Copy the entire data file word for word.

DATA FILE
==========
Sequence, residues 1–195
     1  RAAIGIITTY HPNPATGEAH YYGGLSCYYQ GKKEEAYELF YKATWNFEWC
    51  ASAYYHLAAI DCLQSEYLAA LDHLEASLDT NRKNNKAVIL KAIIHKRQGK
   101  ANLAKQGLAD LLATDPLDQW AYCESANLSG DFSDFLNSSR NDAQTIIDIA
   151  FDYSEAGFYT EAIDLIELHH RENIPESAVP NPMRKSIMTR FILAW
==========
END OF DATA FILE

Sequence, residues 1–195
     1  RAAIGIITTY HPNPATGEAH YYGGLSCYYQ GKKEEAYELF YKATWNFEWC
    51  ASAYYHLAAI DCLQSEYLAA LDHLEASLDT NRKNNKAVIL KAIIHKRQGK
   101  ANLAKQGLAD LLATDPLDQW AYCESANLSG DFSDFLNSSR NDAQTIIDIA
   151  FDYSEAGFYT EAIDLIELHH RENIPESAVP NPMRKSIMTR FILAW